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EPFO set to lower rate this year

Source : BUSINESS_STANDARD
Last Updated: Mon, May 09, 2011 19:31 hrs
INTERVIEW - EPFO proposes 8.5 pct interest for FY10

About 47.2 million subscribers of the Employees Provident Fund (EPF) should get ready for a lower interest rate this financial year.

A senior official of the Employees’ Provident Fund Organisation (EPFO) - which manages the fund - told Business Standard it would not be possible to retain the 9.5 per cent rate paid for 2010-11.

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"A rate anywhere near 9.5 per cent is not possible," he said.

It had taken the labour ministry a lot of time and effort to convince the finance ministry to approve the 9.5 per cent rate for 2010-11, as against 8.5 per cent in 2009-10.

The official said subscribers were paid 9.5 per cent in 2010-2011 as EPFO had a surplus in the interest suspense account accumulated over years. "This year’s rate will depend on the surplus in the account. We have no surplus this year. So, the rate will be based on the return from the EPF corpus in 2011-12," he said.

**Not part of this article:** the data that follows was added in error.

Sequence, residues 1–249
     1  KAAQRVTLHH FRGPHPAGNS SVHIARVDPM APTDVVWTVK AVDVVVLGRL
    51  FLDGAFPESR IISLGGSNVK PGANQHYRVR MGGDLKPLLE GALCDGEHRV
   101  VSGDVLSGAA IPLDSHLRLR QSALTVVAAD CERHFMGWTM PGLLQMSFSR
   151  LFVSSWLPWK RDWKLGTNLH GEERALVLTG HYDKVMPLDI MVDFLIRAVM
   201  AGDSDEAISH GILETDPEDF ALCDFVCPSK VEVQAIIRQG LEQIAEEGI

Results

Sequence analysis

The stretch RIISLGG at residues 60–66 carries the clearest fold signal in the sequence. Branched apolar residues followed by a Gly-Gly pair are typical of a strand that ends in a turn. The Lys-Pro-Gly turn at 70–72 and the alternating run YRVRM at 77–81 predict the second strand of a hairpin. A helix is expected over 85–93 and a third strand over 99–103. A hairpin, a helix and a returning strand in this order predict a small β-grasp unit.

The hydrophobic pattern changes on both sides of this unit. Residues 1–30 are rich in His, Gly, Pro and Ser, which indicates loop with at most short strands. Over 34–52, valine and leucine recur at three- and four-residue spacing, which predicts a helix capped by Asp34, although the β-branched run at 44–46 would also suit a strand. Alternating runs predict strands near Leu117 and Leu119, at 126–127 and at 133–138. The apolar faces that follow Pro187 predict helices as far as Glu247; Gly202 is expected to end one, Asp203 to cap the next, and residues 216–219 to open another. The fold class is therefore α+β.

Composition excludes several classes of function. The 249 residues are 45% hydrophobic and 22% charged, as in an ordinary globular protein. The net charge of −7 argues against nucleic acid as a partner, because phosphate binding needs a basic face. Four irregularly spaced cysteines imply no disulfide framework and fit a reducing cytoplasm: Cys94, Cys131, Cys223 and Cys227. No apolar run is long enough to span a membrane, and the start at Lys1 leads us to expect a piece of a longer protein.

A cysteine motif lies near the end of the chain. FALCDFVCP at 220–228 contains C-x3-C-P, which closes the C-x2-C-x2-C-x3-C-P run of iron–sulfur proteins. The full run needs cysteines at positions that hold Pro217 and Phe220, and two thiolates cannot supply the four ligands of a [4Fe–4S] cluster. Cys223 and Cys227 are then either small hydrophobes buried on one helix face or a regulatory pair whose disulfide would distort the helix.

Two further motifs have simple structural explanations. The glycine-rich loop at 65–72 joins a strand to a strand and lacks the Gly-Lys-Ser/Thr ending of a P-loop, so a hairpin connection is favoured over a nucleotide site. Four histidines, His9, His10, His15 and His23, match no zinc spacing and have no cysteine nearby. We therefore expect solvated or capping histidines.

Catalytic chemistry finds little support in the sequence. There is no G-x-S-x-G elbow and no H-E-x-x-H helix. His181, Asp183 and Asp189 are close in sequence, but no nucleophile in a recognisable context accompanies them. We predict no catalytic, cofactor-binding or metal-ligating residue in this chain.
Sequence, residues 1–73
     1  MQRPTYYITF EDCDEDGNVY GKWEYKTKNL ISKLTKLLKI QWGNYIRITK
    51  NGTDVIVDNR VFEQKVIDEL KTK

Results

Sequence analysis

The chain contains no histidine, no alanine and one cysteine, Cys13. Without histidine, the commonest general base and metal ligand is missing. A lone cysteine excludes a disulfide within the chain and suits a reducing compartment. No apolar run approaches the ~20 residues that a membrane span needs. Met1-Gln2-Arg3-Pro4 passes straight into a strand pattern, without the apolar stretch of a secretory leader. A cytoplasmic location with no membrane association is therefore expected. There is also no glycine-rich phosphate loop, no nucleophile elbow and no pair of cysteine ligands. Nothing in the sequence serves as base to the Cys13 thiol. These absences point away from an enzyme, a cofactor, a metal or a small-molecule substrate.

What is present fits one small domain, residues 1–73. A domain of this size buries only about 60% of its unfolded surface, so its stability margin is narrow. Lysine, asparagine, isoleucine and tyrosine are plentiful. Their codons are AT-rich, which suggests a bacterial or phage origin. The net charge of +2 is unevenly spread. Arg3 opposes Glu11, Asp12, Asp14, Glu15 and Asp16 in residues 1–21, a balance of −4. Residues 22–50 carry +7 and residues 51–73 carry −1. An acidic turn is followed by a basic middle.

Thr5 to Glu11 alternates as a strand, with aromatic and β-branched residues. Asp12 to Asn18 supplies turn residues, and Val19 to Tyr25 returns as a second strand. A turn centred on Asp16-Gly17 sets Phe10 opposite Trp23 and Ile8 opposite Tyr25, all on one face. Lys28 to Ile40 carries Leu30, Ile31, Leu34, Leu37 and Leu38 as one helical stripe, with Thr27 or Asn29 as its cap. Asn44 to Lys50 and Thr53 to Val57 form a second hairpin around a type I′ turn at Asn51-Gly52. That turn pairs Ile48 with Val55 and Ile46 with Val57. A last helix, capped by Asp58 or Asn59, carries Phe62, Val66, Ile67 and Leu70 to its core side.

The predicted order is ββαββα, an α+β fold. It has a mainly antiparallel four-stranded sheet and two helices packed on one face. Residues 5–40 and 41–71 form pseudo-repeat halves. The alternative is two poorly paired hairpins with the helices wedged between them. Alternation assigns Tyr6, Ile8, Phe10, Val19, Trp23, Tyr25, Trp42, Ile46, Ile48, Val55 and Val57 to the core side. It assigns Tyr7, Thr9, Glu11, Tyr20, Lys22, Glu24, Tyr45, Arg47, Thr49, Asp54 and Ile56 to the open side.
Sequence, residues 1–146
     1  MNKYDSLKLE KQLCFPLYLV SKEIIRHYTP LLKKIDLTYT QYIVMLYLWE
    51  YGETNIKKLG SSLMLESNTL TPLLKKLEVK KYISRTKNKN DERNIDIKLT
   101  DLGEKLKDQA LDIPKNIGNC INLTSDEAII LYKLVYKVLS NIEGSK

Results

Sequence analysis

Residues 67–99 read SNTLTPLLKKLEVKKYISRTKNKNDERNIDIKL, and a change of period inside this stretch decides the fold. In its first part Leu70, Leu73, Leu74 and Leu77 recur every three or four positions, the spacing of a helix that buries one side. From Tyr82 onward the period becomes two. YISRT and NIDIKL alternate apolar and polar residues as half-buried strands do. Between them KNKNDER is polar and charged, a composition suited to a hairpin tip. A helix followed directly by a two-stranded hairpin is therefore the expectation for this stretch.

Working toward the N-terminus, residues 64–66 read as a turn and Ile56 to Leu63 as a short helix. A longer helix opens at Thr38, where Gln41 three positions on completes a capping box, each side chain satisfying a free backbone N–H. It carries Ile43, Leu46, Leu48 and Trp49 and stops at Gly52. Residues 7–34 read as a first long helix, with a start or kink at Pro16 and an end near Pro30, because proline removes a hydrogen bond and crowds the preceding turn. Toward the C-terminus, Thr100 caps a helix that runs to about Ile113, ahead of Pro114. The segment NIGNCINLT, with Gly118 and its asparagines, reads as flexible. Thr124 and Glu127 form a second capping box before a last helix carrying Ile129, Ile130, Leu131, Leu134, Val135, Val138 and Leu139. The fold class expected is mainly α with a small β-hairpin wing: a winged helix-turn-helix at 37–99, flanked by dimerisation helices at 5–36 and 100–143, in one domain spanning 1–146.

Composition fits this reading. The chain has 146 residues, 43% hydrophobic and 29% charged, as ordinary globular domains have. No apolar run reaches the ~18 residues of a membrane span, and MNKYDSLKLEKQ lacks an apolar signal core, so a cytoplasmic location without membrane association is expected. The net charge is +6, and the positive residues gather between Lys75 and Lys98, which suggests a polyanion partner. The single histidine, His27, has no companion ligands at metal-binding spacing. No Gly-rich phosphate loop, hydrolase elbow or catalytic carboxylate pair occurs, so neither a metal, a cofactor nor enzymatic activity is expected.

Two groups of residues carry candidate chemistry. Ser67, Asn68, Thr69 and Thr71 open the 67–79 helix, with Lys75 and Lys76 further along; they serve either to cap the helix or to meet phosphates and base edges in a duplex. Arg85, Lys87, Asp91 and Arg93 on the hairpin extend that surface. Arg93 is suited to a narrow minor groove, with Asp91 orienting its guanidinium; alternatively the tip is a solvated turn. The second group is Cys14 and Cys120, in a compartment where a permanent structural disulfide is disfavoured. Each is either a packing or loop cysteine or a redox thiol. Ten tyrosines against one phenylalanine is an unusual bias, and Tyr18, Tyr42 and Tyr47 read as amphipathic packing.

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The official said EPFO was earning 8.25-8.5 per cent on its Rs 1,70,000 crore corpus. It is expects an additional Rs 20,000 crore inflows in 2011-12.

Though the return from the money coming in this year would be more due to higher interest rates, it would not make much difference, he said.

"A higher return on Rs 20,000 crore will not have a substantial bearing, as Rs 1,70,000 crore has been locked in at lower rates for a long period," he said, hinting that EPFO might have to revert to 8.5 per cent.

However, subscribers settling claims before the rate for the current financial year is announced will be paid 9.5 per cent.

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"Since the rate (on deposits) for 2010-11 has been declared at 9.5 per cent, the settlement of claims during 2011-12 will be at 9.5 per cent till the rate for 2011-12 is declared," EPFO said last month.

The official said this was a bonus for those settling accounts before the announcement of the new rate as the scheme underlined that claims would be settled at the old rate till the new one was announced.




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